By Abdallah el-Kurebe

Twenty-three (23) African and European research partners are presently collaborating on a long term research and innovation towards a sustainable improvement of food and nutrition security and the livelihoods of African farmers.

A report by the Natural Resources Institute in Finland says that the focus of the research is on sustainable intensification of the agrofood system in Africa.

“The research will understudy the consequences of sustainable intensification of food production to the environment, economy and society.”

It observed that farming practices have impacted negatively on the environment as a result of which many people still do not have enough to eat and cannot escape poverty.

“Although the current food production systems have enabled a substantial increase in food production, the farming practices have also impacted the environment. In addition, many people still do not have enough to eat and cannot escape poverty,” the report stated.

The 23 research and innovation institutes from 21 countries will partner in the new initiative, PROIntensAfrica to explore the whole effects of African Agrofood system.

“It is projected that the expected growth in the world population from 7 to 9 billion and the changing diets will require 70% more food by 2050. There is no single solution to production increase, so a diversity of pathways for sustainable intensification needs to be explored and exploited,” says the coordinator of the initiative, Huub Löffler from Wageningen University and Research centre (WUR), explained.

He added that the initiative starts off in a situation where many tailor-made routes towards sustainable food systems have already been advocated in literature.

“The difficulty of sustainable intensification lies in each food system’s requirement to meet their specific supply and demand. As such, high input farming might be suitable for a specific region while organic farming is more suitable for another region,” he further said.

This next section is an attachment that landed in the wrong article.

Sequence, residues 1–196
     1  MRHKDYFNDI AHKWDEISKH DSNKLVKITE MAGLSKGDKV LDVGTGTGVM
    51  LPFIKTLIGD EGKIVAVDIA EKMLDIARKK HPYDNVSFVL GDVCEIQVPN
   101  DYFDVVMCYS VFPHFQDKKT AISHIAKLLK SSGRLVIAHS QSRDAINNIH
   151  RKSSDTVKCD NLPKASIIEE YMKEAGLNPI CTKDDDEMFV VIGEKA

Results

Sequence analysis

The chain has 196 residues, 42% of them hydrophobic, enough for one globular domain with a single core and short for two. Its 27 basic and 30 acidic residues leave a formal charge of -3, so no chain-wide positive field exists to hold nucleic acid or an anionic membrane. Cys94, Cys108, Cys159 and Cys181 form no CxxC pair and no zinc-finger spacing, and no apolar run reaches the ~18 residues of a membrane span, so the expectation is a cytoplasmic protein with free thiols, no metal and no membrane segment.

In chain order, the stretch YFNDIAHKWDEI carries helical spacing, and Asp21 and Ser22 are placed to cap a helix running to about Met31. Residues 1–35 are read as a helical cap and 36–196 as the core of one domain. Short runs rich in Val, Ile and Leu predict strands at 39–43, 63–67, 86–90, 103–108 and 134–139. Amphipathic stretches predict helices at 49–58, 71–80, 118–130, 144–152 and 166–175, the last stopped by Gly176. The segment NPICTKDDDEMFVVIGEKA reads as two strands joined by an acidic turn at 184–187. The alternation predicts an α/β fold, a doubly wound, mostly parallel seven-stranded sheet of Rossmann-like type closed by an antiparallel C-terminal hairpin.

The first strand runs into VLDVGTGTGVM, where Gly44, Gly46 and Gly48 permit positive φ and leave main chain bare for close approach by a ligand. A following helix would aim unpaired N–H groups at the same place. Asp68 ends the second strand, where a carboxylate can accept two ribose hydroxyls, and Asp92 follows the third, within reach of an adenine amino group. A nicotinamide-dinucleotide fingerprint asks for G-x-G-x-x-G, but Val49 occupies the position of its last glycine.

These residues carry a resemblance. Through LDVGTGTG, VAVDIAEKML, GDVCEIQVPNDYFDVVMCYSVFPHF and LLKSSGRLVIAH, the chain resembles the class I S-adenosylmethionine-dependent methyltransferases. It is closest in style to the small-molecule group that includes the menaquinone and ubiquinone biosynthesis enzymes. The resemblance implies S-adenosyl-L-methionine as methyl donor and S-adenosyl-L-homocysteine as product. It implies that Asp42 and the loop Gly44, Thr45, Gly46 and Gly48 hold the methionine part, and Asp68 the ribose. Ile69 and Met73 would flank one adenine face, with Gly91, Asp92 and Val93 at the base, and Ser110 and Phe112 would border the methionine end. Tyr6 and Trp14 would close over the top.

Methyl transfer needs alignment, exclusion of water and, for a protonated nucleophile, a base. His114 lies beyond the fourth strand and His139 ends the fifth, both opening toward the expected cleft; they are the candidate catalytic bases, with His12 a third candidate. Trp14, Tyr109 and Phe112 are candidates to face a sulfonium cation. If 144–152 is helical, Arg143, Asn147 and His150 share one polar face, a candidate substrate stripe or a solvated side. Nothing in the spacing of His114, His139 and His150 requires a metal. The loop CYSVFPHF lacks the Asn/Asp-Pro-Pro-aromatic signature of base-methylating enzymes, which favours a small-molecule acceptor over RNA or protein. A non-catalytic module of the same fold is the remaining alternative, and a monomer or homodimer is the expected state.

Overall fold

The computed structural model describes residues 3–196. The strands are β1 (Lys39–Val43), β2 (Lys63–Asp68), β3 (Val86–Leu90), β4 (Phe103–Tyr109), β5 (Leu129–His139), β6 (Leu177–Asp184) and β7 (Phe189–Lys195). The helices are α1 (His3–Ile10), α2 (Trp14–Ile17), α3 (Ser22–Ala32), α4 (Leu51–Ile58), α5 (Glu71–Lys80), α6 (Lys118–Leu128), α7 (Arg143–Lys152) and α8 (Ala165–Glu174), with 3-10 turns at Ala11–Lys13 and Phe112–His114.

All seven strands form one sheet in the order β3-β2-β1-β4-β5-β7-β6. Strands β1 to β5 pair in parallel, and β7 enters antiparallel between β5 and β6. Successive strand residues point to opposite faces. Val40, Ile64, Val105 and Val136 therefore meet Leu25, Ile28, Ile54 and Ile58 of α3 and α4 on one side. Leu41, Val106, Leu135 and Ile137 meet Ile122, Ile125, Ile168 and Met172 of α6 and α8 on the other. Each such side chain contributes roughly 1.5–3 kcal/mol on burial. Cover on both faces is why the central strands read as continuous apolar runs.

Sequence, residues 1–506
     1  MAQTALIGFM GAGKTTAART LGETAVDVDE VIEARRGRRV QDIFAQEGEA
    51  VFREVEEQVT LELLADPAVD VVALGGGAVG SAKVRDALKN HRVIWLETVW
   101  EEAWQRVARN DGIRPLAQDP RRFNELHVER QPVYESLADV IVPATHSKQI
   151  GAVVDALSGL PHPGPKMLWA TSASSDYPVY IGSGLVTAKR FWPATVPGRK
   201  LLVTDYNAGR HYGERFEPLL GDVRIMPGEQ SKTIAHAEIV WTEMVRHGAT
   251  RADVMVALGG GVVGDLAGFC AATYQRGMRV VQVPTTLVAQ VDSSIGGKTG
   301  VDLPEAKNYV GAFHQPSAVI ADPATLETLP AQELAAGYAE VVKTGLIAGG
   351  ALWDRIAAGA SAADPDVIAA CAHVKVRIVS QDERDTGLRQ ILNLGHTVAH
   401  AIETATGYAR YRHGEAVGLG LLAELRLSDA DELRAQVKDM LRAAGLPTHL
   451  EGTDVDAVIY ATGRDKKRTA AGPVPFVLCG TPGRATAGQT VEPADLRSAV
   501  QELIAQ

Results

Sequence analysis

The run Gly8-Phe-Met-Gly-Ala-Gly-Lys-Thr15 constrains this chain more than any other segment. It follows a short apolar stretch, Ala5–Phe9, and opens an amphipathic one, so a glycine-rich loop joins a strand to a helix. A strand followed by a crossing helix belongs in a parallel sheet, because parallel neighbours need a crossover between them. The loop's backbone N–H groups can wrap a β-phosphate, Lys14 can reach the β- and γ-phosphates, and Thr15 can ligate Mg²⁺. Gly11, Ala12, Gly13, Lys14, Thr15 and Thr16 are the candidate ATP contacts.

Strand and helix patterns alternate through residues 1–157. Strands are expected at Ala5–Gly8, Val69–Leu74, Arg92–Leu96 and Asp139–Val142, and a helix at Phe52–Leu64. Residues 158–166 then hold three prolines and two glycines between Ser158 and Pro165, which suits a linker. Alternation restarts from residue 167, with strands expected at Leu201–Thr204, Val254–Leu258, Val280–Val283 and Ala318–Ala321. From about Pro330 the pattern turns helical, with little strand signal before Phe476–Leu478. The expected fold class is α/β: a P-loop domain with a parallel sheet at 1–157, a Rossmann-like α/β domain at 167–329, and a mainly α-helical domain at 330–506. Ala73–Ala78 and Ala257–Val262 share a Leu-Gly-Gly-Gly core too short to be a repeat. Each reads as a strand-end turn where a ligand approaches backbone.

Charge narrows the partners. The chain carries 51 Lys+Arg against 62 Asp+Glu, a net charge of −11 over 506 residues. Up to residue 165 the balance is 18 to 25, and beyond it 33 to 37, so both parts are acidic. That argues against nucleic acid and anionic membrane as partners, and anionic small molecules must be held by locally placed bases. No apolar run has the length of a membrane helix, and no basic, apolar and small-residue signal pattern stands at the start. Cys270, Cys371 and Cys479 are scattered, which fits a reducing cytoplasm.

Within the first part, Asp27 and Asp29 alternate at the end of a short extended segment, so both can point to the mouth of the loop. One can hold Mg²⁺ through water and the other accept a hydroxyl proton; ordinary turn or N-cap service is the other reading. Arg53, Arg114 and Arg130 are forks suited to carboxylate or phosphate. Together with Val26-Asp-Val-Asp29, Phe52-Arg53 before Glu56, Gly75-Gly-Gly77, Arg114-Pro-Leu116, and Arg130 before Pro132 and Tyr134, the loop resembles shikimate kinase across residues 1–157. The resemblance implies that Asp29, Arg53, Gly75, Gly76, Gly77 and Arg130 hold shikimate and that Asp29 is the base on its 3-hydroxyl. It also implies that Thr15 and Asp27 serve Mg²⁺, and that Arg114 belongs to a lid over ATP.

The PROIntensAfrica initiative, according to will go beyond the debate of best systems for sustainable intensification in Africa. We will combine elements of different systems, yielding into innovative systems to optimally meet specific requirements, says Dr. Yemi Akinbamijo, Executive Director of the from Forum for Agricultural Research in Africa (FARA).

While observing that pooling African and European research resources was perceived as the best way to align existing research and instigate new research initiatives, the statement also stated that “joint programming is one of the main instruments of the European Commission to accomplish more synergy and increase the effectiveness of resources.”

The resources pool for ProintensAfrica therefore, is not only about science, but also about policy and funding. More so, the philosophy of the future IntensAfrica programme is that there is no one model is better than another.

Philippe Petithuguenin from CIRAD says: “There are controversies and we will take them on board but our role will not be to act as a judge. However, the research questions and knowledge generated will serve as fuel to the debate.”

While communication is considered crucial to develop and enhance the interactive dialogue between all stakeholders,
ProIntensAfrica also considers consultation, case studies, stakeholder panel workshops as major parts of its activities.

African partners in the project are: FARA (Ghana); CORAF/WECARD (Senegal); CCARDESA (Botswana); ASARECA (Uganda); AFAAS (Uganda); ARC (South Africa); CSRI-CRI (Ghana) and INERA (Burkina Faso).

European partners are: Wageningen UR (The Netherlands); CIRAD (France); UCL (Belgium); SLU (Sweden); IICT (Portugal); Luke (Finland); University of Copenhagen (Denmark); ZEF (Germany); INIA (Spain); NRI (England); Teagasc (Ireland); BOKU (Austria); University of Life Sciences (Czech Republic); University Szent Istvan (Hungary) and Bioforsk (Norway).